You walk a tightrope in your career. If you lean too far over onto the ‘Confidence’ side, you can be seen as brash or arrogant and take a fall. If you lean too far over onto the ‘Humility’ side, you can be seen as lacking essential confidence or being unready for more responsibility and take a fall …
I was raised in Ireland in the 1960s and 70s, where I was educated by the Presentation Brothers and the Holy Ghost Fathers. “Self-praise is no praise at all,” was a common phrase in Ireland at that time, along with the ever-popular, “Pride goeth before a fall.”

I ran headlong up against a very different school of thought in my first corporate job. At 23 years of age, I was sent to corporate headquarters in the U.S. to participate in an international task force on the launch of a new pharmaceutical drug. Ireland was one of the ‘leader’ markets, so every step we were taking was being scrutinised with a microscope and I was flying all over the world sharing our experiences and talking to my colleagues in the bigger markets about what they could expect.

My first presentation to the group was a nerve-wracking affair. I had spent weeks compiling and rehearsing my presentation and had been through multiple rehearsals with my local Managing Director and Marketing Director. Considering the limitations of the medium – I was using a deck of overhead slides laboriously generated with Harvard Graphics for DOS – my presentation was pretty good-looking and my content was clear and simple. [Looking back now, I shudder at the wordiness of some of my bullet points]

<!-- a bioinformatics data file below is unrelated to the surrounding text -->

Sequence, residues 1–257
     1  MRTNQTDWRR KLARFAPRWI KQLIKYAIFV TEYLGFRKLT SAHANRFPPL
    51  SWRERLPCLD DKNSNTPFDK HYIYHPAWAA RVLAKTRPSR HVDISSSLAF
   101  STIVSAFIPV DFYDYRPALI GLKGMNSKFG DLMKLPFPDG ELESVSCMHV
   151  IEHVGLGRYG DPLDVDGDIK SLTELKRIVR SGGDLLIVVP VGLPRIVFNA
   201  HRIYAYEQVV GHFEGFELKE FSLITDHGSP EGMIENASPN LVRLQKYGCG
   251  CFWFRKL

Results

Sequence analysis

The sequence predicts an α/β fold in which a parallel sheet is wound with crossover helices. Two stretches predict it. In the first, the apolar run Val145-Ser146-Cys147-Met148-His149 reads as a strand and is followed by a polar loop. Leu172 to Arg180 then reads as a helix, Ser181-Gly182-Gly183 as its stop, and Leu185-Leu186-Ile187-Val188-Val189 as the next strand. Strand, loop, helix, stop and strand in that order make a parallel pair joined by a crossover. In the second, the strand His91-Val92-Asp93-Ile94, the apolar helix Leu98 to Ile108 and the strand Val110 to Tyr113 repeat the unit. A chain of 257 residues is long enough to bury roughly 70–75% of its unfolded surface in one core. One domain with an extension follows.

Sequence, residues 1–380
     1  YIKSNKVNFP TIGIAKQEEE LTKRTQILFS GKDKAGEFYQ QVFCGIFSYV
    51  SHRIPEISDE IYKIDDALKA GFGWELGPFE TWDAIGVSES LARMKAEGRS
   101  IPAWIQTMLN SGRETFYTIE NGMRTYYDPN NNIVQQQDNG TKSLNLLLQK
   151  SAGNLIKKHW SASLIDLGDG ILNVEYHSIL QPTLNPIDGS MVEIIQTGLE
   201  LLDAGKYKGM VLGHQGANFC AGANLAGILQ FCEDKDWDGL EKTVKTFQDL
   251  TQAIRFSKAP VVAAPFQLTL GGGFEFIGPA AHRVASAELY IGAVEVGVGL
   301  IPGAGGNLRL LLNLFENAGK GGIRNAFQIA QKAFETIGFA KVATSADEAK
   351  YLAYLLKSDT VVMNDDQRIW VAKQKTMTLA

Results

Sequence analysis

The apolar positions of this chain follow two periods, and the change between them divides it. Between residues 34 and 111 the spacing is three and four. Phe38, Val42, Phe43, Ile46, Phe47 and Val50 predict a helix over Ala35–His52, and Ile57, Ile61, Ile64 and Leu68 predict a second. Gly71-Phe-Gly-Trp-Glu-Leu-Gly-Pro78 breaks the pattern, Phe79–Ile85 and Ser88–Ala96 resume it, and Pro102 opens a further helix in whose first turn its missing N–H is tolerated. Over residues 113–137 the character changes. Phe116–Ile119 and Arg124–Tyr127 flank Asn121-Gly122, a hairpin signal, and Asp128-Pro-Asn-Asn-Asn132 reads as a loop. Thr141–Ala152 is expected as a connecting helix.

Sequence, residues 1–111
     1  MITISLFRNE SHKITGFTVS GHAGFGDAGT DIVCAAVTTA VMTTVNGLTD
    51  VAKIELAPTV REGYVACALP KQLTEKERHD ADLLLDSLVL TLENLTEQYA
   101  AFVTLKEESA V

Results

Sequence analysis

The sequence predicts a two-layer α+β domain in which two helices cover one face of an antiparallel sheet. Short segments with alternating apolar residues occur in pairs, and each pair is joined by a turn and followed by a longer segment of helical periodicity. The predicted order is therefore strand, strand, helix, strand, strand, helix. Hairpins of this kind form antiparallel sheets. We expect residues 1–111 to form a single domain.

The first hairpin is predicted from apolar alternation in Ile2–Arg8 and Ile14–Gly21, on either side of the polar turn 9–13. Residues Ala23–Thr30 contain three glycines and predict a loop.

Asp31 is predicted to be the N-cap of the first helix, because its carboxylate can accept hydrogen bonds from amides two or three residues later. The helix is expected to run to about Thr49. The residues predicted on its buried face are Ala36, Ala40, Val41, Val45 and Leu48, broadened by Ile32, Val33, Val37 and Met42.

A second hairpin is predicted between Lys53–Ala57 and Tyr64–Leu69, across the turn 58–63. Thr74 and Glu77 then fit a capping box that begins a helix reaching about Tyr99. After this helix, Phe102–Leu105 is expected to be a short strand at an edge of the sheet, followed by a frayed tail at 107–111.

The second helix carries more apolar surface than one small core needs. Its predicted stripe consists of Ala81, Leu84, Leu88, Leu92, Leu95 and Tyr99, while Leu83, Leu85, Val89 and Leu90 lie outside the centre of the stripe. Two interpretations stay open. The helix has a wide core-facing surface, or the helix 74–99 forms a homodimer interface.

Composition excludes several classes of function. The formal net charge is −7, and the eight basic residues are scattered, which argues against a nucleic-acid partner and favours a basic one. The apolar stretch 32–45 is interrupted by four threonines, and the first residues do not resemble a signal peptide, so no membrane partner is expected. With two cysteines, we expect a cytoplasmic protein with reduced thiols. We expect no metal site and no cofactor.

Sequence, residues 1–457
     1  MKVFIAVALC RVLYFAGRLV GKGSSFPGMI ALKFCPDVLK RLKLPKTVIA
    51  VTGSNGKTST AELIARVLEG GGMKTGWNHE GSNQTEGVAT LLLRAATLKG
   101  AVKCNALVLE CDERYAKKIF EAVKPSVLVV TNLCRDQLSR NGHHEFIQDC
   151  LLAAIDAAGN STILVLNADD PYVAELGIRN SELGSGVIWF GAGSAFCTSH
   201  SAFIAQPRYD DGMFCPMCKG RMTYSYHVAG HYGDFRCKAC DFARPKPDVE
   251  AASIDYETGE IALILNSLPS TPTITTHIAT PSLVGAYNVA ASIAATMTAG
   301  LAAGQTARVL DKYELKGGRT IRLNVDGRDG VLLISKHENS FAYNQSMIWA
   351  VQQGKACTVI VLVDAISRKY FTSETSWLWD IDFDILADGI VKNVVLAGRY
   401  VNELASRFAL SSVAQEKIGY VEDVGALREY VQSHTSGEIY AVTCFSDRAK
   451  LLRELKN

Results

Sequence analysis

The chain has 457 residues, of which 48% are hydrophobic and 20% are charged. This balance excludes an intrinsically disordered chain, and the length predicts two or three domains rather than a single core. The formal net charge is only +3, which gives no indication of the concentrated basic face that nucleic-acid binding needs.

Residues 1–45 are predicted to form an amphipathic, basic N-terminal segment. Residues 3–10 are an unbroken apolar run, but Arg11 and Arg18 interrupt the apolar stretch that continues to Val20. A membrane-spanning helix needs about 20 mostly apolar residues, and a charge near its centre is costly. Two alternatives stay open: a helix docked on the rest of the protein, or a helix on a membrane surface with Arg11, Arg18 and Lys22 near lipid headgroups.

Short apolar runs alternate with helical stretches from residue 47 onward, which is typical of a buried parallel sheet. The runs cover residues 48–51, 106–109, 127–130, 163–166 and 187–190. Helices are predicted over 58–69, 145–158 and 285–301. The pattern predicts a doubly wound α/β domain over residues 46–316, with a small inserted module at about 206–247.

So I was deeply gratified when the task force audience gave me a robust round of applause at the end of my talk, with some of the Silverbacks actually standing up and smiling at me as I returned to my seat. One of those Silverbacks, a larger-than-life, 50-something guy from the Bronx came over to me after the meeting and said, “Great presentation Robo, well done.”

And what did I do? I broke eye contact, I looked at the ground and said, “Oh no, no. It was nothing. I could have been so much better …” Blah blah blah, yadda yadda yadda – all the cap-doffing, false humility guff that had been inculcated into me over the years.

He reached under my chin with his finger and pulled my head up until I was looking him in the eyes and said something that has stayed with me ever since: “You goddamn Irish! You’re all the same! Take the compliment! Your presentation was excellent. You obviously put a massive amount of work into it and it showed. Take. The. Goddamn. Compliment!”

He was so right. I had worked my ass off on that presentation. My content was tighter and better thought-through than that of people years older than me in the room. My delivery was polished and mindful of my multi-cultural audience. My anchors were solid, my bridging was strong, and my slides were clearer than any of the other speakers.

If the NLP cohort are right – and I suspect they are – the words we use have an enormous, programmed, impact on the way we view the world and the way the world views us. Take these two responses to the innocuous question, “How are you?”

1. “Oh no too bad. Can’t complain.”
2. “Just excellent. Life is really good right now.”

Now imagine you are listening to those two people making consecutive presentations. An ability to thump yourself on the chest and take credit where credit is due is an important part of your career management arsenal. If you have been programmed to do otherwise, that is something you need to unlearn – quickly. Time to climb onto that tightrope!